Area Forecast Discussion
Issued by NWS Louisville, KY

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FXUS63 KLMK 241042

Area Forecast Discussion
National Weather Service Louisville KY
642 AM EDT SUN APR 24 2016

...Updated Aviation Discussion...

.SHORT TERM (Now through Monday)...
Issued 300 AM EDT Sun Apr 24 2016

The synoptic pattern early this morning features a trough across the
west-central CONUS, which will help induce a downstream ridge across
the Ohio Valley through the short term period.  This will bring warm
and dry conditions to the region through the period.

The latest observations show temperatures cooling into the upper 40s
and 50s early this morning, under clear skies and mainly light
winds.  Latest observations are showing some patchy fog developing,
although have yet to see any area webcams showing the fog as being
overly dense.  Will keep patchy fog in the forecast this morning and
continue to monitor webcams to see if it becomes more dense.

Otherwise, expect a very pleasant day with mostly sunny skies.  High
pressure currently located over the Great Lakes region will push
east today, allowing for southerly return flow to commence.  These
southerly winds coupled with strong solar insolation should allow
temperatures to climb into the upper 70s and 80s.

Lows tonight will be a bit warmer as winds stay up and upper-level
cloudiness begins to increase.  Overnight lows will dip into the
mid/upper 50s.

Have continued to go above guidance for temperatures on Monday. Deep
mixing will lead to gusty SSW winds and a good deal of sunshine will
help temperatures climb into the low/mid 80s, with even some upper
80s possible in the typically warmer spots.  Guidance is likely
underdoing how dry our soils have become, so feel fairly confident
in going several degrees above guidance on Monday.

.LONG TERM (Monday Night through Saturday)...
Issued at 310 AM EDT Sun Apr 24 2016

...Turning more active towards midweek...

The synoptic pattern at the start of the long term period will
feature a strong trough digging into the western CONUS.  A couple of
disturbances emanating from this mean trough will be the focus of
the long term period, as they will bring a couple chances for
thunderstorms this week.

Monday night will begin with a sharpening warm front located well to
the north across the lower Great Lakes region.  The first
disturbance riding over the ridge aloft will slide southeast along
this boundary, helping to induce showers and thunderstorms late
Monday into Monday night.  At this time, it appears the activity
associated with this will stay mainly to the north of the region
through Tuesday morning.

Things become a bit more complicated on Tuesday, as it appears there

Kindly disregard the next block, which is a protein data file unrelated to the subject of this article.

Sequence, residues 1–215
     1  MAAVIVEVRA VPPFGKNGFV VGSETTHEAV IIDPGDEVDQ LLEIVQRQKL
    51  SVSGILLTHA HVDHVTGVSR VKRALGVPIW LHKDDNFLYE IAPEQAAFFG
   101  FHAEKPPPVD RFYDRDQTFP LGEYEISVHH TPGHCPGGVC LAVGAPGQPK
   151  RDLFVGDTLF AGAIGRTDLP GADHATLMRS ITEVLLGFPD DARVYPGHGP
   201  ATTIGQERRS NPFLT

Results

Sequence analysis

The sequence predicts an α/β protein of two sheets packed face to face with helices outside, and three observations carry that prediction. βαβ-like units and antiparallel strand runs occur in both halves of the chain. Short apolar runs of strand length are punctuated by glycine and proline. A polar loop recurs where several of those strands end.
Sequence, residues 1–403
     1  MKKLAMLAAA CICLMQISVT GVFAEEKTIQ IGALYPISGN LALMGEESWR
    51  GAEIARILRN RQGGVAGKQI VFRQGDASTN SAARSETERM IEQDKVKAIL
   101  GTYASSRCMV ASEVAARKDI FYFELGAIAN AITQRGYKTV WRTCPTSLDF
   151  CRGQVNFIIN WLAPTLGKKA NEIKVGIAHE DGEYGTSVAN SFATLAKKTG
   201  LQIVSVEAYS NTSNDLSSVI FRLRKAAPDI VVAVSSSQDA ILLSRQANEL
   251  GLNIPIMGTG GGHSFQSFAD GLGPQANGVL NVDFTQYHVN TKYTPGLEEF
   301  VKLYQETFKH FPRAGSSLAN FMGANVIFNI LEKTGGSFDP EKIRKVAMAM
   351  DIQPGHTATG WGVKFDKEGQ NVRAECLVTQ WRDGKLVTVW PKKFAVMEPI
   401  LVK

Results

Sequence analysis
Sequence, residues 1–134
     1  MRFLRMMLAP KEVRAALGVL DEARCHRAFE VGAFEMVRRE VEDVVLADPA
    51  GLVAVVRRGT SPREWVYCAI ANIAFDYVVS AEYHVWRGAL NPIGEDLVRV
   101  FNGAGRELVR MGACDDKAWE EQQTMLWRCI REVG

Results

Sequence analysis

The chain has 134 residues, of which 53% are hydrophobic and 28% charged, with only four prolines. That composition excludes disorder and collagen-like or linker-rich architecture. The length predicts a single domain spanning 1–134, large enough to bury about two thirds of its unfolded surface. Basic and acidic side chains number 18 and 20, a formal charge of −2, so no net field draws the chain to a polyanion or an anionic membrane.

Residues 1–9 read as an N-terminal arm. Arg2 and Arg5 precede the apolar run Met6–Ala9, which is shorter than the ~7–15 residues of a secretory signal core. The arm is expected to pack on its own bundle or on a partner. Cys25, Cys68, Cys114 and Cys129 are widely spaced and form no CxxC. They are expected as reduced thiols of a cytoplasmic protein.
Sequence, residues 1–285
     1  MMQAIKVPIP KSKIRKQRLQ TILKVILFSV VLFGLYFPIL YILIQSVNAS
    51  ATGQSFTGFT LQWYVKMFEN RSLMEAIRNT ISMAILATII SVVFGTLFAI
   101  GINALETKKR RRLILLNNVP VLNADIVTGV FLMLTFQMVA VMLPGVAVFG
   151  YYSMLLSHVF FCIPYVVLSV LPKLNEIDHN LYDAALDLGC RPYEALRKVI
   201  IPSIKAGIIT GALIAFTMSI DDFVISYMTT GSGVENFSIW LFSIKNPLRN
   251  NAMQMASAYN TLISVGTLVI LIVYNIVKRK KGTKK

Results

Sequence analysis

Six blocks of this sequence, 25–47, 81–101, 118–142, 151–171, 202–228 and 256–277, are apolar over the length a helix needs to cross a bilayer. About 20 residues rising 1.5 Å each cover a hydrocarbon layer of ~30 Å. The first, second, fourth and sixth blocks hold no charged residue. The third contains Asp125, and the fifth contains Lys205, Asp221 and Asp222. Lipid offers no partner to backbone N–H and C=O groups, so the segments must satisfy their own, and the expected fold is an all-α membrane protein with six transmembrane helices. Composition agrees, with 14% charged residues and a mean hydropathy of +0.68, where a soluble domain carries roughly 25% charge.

could be two main foci for convection.  One will be along a
potential outflow boundary that could dive south into the region
from convection to the north Monday night.  The other, more likely
scenario will be along the approaching front sagging south into the
Ohio Valley. This would focus convection mainly to the north through
much of the day, but it will slide into the LMK CWA late Tuesday
afternoon/evening into the early overnight hours.  This activity
along the boundary will be closer to the better mid-level flow
associated with the PV anomaly sliding southeast over the ridge, so
it will have access to better deep-layer shear (around 30 knots) and
thus there could be a few stronger storms mainly north of I-64.

Attention will then turn toward the west on Wednesday as the
negatively-tilted trough ejects out into the Central Plains and into
the Midwest.  The front responsible for the convection late Tuesday
will lift back to the north in response to the ejecting wave on
Wednesday.  Some convection will develop along/south of this
boundary on Wednesday (coverage possibly aided by outflow from
storms to the west overnight), but the main deep forcing for ascent
will move into the region Wednesday night. Once again, some strong
storms could be possible late Wednesday as deep-layer shear
increases, but as it stands now the timing looks to be rather
unfavorable for a more robust severe event here in the Ohio Valley
(nocturnal surface inhibition).

Things will begin to dry out through the day on Thursday into Friday
as the cold front slides southeast and high pressure attempts to
build into the region.  However, yet another strong system ejecting
into the central CONUS will bring a renewed threat for
showers/storms to the region by next weekend.


.AVIATION (12Z TAF Update)...
Updated at 641 AM EDT Sun Apr 24 2016

High pressure at the surface and aloft will result in VFR conditions
at the terminals through the upcoming period. The only exception
will be at KBWG this morning where some patchy fog will lower
visibilities into the MVFR/IFR range through the first hour of the
forecast.  Later this morning, winds will pick up out of the
southeast and then shift to the southwest.  A diurnal Cu field may
develop with bases around FL030-040 along with high cirrus possible
late in the day.  VFR conditions are expected this evening and into
the overnight hours.


.LMK Watches/Warnings/Advisories...


Short Term........KJD
Long Term.........KJD
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